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Dynamic coding of behaviourally relevant stimuli in parietal cortex


A general function of cerebral cortex is to allow the flexible association of sensory stimuli with specific behaviours. Many neurons in parietal1,2, prefrontal3,4 and motor5,6,7 cortical areas are activated both by particular movements and by sensory cues that trigger these movements, suggesting a role in linking sensation to action. For example, neurons in the lateral intraparietal area (LIP) encode both the location of visual stimuli and the direction of saccadic eye movements8,9. LIP is not believed to encode non-spatial stimulus attributes such as colour10,11. Here we investigated whether LIP would encode colour if colour was behaviourally linked to the eye movement. We trained monkeys to make an eye movement in one of two directions based alternately on the colour or location of a visual cue. When cue colour was relevant for directing eye movement, we found a substantial fraction of LIP neurons selective for cue colour. However, when cue location was relevant, colour selectivity was virtually absent in LIP. These results demonstrate that selectivity of cortical neurons can change as a function of the required behaviour.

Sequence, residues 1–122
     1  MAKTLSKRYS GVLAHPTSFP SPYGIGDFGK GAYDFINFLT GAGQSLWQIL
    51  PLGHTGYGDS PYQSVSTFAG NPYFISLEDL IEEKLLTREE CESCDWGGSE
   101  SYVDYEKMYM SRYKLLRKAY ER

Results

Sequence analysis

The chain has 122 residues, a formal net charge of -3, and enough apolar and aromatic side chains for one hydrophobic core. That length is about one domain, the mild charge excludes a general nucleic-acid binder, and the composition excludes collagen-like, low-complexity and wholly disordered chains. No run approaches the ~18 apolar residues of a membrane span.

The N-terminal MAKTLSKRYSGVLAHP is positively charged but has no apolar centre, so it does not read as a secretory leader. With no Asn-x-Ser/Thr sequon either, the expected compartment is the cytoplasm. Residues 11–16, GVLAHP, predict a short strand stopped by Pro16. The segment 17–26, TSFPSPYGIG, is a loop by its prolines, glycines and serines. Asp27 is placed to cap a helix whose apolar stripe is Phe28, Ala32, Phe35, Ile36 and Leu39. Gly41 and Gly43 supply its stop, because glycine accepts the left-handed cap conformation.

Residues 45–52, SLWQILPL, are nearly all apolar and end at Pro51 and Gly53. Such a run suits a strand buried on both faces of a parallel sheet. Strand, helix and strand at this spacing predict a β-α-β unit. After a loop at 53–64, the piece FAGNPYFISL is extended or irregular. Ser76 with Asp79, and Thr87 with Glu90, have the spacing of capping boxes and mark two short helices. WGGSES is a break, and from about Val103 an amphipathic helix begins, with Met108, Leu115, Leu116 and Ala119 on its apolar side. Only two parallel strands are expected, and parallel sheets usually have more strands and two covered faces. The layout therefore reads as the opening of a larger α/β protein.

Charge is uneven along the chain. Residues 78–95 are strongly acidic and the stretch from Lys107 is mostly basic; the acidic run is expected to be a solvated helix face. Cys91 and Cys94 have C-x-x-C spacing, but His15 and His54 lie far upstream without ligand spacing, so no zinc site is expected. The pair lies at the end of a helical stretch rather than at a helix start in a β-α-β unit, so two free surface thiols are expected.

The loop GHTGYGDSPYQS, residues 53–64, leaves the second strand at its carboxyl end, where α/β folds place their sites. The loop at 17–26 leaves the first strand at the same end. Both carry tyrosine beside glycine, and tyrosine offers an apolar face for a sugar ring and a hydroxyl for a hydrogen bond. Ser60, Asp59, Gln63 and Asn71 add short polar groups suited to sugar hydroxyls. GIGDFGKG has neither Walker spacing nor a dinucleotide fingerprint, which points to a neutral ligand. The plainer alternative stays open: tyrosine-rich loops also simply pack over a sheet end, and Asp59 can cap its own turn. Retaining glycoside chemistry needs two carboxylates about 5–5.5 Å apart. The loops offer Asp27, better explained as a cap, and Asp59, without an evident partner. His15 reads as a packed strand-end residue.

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Figure 1: Design of experiment.
Figure 2: Three analyses of cue-location selectivity and colour selectivity for the location-relevant task.
Figure 3: Three analyses of cue-location selectivity and colour selectivity for the colour-relevant task.
Figure 4: Colour selectivity in antisaccade trials of the colour-relevant task.


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We thank E. Eskandar and I. Lee for their help with all aspects of this work and C. Pack and R. Born for reading the manuscript.

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Correspondence to Louis J. Toth.

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Toth, L., Assad, J. Dynamic coding of behaviourally relevant stimuli in parietal cortex. Nature 415, 165–168 (2002).

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